The Torah in Parashat Kedoshim (19:13) introduces the prohibition of “osheik sekhar sakhir” – withholding the wages owed to a worker. This prohibition is listed by the Rambam as one of the 365 Biblical prohibitions (Sefer Ha-mitzvot, lo ta’aseh 238).
Rav Mordechai Yosef Leiner of Izhbitz, in his Mei Ha-shiloach, suggests that the concept underlying this prohibition extends beyond the specific context of a hired employee. He contends that just as it is forbidden to withhold wages owed to an employee, so it is forbidden in a broader sense to deny our fellow that which we are capable of providing for him or her. If we are in a position to extend assistance to another individual, but we unjustifiably refuse to do so, we are guilty of withholding “wages,” of failing to give our fellow that which he or she rightfully deserves. The Mei Ha-shiloach extends this concept even to prayer. If we refuse to pray on behalf of somebody in need of prayers, we are in breach of the broader principle underlying the prohibition of “osheik sekhar sakhir.” The Mei Ha-shiloach explains on this basis the prophet Shemuel’s response to the people when they begged him to pray when they felt frightened by the extraordinary storm that struck during the summertime: “Heaven forfend that I should sin against God by refraining from praying on your behalf” (Shemuel I 12:23). Failing to pray for somebody in need of prayers is considered “sinful,” and, according to the Mei Ha-shiloach, it even falls under the category of withholding wages.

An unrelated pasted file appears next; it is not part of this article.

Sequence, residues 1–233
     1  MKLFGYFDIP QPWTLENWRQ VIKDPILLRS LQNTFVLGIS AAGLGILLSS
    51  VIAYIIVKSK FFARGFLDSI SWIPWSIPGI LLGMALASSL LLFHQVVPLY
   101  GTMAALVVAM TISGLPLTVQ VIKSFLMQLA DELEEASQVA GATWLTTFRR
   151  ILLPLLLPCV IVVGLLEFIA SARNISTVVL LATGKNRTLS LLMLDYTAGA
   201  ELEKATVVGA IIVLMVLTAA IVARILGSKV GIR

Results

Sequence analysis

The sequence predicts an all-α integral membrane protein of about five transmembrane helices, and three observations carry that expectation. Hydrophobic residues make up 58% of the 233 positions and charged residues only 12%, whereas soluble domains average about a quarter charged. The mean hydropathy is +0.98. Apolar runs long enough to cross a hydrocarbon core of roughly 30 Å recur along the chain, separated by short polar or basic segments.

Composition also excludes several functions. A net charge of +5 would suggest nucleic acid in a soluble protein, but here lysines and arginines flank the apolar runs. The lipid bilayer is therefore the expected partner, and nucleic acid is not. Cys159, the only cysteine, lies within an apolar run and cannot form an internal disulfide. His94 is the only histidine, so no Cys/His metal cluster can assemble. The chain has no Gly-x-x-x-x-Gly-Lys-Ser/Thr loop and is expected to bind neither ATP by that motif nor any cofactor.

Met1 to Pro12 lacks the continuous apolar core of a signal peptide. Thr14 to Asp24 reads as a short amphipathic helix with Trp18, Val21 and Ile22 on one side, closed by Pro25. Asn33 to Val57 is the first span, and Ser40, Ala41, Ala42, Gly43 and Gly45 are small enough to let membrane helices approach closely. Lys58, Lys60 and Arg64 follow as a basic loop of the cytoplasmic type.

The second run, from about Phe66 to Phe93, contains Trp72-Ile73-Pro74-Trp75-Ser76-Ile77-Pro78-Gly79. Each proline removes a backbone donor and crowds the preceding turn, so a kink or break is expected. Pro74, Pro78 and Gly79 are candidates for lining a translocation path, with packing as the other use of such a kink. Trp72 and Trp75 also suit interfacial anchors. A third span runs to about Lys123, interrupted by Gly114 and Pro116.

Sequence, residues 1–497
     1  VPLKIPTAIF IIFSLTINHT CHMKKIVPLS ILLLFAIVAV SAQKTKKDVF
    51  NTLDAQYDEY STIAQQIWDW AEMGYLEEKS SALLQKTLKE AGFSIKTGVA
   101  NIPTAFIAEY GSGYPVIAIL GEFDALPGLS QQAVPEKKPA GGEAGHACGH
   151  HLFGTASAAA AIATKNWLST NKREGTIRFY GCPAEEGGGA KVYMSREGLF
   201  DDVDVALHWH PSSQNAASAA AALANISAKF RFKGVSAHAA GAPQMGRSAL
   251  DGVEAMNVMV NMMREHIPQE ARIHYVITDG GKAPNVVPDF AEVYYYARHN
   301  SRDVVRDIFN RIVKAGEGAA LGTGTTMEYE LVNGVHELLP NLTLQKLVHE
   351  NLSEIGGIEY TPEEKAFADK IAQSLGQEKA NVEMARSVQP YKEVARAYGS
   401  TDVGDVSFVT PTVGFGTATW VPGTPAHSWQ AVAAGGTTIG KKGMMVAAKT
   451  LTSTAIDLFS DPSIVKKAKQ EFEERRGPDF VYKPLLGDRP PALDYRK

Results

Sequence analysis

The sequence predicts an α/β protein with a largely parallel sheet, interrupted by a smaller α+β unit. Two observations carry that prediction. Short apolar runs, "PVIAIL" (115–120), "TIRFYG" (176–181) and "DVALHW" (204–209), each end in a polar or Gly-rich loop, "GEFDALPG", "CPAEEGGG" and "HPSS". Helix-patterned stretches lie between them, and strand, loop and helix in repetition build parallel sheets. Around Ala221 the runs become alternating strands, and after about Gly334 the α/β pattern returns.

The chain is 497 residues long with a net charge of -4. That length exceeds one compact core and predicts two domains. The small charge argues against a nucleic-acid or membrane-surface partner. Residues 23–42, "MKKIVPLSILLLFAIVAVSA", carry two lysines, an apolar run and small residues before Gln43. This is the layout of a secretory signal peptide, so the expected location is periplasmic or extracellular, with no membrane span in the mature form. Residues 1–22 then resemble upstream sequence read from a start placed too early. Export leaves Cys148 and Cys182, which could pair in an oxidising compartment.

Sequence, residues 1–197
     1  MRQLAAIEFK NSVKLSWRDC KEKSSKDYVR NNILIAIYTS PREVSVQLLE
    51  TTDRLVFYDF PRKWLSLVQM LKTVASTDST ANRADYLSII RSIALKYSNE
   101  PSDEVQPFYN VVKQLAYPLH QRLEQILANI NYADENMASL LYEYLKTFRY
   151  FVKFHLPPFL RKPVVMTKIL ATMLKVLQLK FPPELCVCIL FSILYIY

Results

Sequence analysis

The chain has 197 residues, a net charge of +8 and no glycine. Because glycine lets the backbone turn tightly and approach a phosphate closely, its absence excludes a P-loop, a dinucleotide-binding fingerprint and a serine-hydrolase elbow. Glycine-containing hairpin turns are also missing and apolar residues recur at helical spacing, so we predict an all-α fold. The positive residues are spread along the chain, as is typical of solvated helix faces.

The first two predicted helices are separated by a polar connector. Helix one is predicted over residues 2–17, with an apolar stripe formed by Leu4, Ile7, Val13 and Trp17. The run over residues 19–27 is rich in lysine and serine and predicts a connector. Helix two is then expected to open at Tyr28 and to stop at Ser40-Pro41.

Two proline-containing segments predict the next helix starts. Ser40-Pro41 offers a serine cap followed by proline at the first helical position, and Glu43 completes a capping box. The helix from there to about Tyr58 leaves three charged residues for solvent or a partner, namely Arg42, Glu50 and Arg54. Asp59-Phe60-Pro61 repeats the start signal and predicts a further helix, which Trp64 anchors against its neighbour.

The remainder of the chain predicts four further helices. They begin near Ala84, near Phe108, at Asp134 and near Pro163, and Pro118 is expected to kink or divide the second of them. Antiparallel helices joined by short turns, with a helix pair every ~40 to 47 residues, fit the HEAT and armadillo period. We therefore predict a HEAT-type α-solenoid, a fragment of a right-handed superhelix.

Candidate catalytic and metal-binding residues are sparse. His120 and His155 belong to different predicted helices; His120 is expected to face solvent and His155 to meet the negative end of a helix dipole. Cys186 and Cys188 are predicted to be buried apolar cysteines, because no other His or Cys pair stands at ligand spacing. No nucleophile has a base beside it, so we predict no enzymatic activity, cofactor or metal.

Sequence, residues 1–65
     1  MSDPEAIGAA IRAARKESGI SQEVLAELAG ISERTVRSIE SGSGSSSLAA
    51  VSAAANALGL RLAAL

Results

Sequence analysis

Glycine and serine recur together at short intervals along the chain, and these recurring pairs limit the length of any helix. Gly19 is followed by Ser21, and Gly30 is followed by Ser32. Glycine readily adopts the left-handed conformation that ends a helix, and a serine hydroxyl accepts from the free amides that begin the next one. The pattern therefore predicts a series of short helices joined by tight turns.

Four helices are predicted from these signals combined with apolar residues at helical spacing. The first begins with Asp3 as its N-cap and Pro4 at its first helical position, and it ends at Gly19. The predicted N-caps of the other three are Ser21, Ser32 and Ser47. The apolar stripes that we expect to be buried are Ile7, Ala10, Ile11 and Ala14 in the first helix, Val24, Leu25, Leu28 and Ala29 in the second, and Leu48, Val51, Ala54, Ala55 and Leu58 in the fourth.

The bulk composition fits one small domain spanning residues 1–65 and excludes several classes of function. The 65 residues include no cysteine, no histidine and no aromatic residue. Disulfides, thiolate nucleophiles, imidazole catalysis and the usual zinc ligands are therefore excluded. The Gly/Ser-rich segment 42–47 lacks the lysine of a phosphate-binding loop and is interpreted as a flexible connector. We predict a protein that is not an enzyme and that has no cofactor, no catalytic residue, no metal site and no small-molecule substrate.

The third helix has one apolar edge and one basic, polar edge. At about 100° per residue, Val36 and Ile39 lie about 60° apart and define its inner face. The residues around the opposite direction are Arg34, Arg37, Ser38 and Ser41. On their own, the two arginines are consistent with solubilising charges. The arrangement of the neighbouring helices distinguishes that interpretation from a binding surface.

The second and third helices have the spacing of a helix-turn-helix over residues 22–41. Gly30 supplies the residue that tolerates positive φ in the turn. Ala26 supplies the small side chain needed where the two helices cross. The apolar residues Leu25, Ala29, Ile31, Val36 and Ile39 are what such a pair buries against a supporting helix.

The Mei Ha-shiloach’s comments are noteworthy in that he draws no distinction between wages earned by an employee through honest, hard work, and basic consideration and assistance that should be given to somebody who has not done any specific to earn it. For the Mei Ha-shiloach, we owe other people our compassion and sensitivity, and some level of assistance, regardless of anything they have done or not done. Just as an employer owes wages to an employee in exchange for the service received, we all owe other people a basic degree of courtesy simply by virtue of their humanity. The Torah demands that we respect the divine spark within all people, and feel responsible to offer help we are capable of offering even to those who have not provided us with any tangible benefit.